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Comcast Channel 8 Passion for Health: Heart Health

I recently had the pleasure of being interviewed for a Healthy Living segment for Comcast Channel 8 in Putnam County, NY. If you tuned in then you already know all about heart health. If you missed it, I review all of the details here…and we’ll make sure you know when the next one airs!

What comes to mind first when you think about nutrition and heart health?

The message around diet and heart health has remained the same for some time. We want to consume as little saturated fat as possible and no trans fat while aiming for as much monounsaturated and polyunsaturated fat as possible. A heart healthy diet also emphasizes raw fruits and vegetables, whole grains, low fat dairy and limited sodium.

Let’s break that advice down a bit. Can you remind us about the different fats?

Saturated fats, which we want to avoid, can be identified because they are solid at room temperature. This is the fat that solidifies on top of soup or gravy and trimmed from cuts of meat. We want to avoid saturated fat because as it is solid at room temp it can also be “solid” in our arteries and increase our risk or coronary artery disease. Saturated fats are also correlated with elevated cholesterol levels. Monounsaturated fats, which are found in nuts, avocado and olive oil, reduce risk of heart disease and help you maintain ideal cholesterol levels. Polyunsaturated fatty acids are also heart healthy and are found in walnuts, vegetable oils, ground flaxseed and fish. These essential fatty acids, as they are referred to because they are essential for us, need to be consumed through our foods because we cannot make them ourselves. For this reason, the AHA recommends we consume fish at least twice per week.

Can you tell me more about coconut oil? I know that it is very popular these days.

Yes. Coconut oil is very popular and is discussed much in the media which has created a buzz around it. Coconut oil here is solid at room temperature. That is because it is primarily composed of saturated fat. As coconut oil doesn’t come from an animal but rather from a coconut, it is a different fat than the saturated fat I was just discussing. The difference is at the molecular structure in terms of how the fat is composed. That said, at this point the research shows the saturated fat found in coconut may have a negative impact on our cholesterol levels and therefore would NOT be heart healthy. However there is data that supports that it may not be as harmful as saturated fat from an animal. My advice at this point is to be cautious. Maybe cook with it when you feel like it benefits the recipe you are preparing but I wouldn’t make it my primary oil choice until we have more information about it. If you are interested in learning more about different fats and coconut oil in particular, you can view a webinar I did on this topic.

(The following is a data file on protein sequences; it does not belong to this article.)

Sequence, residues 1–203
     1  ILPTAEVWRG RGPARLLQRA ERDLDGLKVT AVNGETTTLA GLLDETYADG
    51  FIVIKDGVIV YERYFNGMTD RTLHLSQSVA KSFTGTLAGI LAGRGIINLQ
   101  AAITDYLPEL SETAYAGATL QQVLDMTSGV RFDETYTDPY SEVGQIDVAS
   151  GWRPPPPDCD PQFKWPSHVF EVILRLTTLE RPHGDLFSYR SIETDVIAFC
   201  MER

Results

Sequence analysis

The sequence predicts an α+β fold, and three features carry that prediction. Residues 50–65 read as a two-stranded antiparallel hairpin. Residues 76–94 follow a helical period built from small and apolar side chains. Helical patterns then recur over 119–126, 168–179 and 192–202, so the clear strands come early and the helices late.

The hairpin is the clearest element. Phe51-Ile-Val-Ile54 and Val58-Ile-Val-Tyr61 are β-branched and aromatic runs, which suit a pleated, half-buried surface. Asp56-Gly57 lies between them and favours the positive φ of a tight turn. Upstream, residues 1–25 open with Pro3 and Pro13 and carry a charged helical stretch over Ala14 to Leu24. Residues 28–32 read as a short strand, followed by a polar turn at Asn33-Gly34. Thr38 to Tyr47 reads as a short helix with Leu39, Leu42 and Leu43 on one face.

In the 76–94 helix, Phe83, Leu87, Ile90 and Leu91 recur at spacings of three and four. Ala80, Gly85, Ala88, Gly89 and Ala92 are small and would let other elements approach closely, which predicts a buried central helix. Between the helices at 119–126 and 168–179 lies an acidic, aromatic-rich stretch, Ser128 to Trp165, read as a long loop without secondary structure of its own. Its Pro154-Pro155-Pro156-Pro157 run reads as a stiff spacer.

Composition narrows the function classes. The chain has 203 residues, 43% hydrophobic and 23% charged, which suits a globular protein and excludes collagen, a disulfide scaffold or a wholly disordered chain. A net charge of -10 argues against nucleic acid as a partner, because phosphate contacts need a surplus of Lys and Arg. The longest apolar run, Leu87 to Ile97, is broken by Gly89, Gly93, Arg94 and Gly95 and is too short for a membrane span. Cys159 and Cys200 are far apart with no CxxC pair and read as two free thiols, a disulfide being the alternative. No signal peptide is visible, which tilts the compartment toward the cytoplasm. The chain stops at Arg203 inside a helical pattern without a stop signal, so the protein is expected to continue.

Moving on to discuss sodium intake. How much is too much?

The current recommendation is to limit daily sodium intake to 1800-2000mg. This would be the maximum daily amount for those who are not at risk of heart disease. At risk individuals should lower that number to 1500mg. Your level of risk is depended upon your age, family history, gender and whether you already have elevated blood pressure and cholesterol, are overweight, inactive, smoke and have type 2 diabetes. The good news is that of these factors, only gender, family history and age can’t be modified…the others you can do something about.

Can you discuss a bit the role that supplements can play in heart health?

There are many supplements available from branded, combination supplements to pure fish oil supplements and more. The most important thing to remember is that supplements are not regulated in the US so there is a significant “buyer beware” with them. That said, if you are taking a fish oil supplement please make sure your MD knows as it may have an impact on other medications you are taking. Seek a fish oil supplement composed of very small fish to limit mercury potential.

What are we making today and can you tell me a bit more about what it offers us?

Today we are making a healthy, Waldorf salad. This salad is high in fiber (from the fruits, vegetables, lettuce and walnuts) which aids in lowering cholesterol. Diets high in fiber have been shown to lower cholesterol. While there are many foods that have artificial fiber added to them, it is important to remember that studies supporting the link between fiber and cholesterol have primarily been done using natural fibers (such as those found in fruits, vegetables, nuts and whole grains) so those should be emphasized in your diet. Don’t forget, that in order to ensure that the bread or cracker you are choosing is truly whole grain, the first ingredient needs to show it (such as made with 100% whole wheat flour).


Picnic Waldorf Salad

Serves: 4


2 tablespoons Hellmann’s® Low Fat Mayonnaise Dressing

1 tablespoon lemon juice

1/4 tsp. McCormick® Ground Ginger

2 small apples, cubed

1 cup seedless red grapes

1/3 cup dried cranberries

1/4 cup coarsely chopped walnuts

1/4 cup thinly sliced celery (about 1 stalk)

1 teaspoon McCormick® Poppy Seed

Fresh Express® Sweet Butter™ or Spring Mix



1. Combine mayonnaise, lemon juice, and ginger in a medium bowl. Add apples, grapes, and

dried cranberries. Mix well.

2. Add the walnuts, celery, and poppy seeds and mix well. Serve on a bed of lettuce leaves.

TIP: The salad can be refrigerated up to 2 hours before serving.


Nutritional Information (salad with dressing)

Amount Per Serving: 153 Calories; 6 g Total Fat: 1 g Saturated Fat, 4 g Polyunsaturated Fat, 1 g Monounsaturated Fat;

26 g Carbohydrate: 3 g Dietary Fiber; 2 g Protein

Source: Recipe adapted from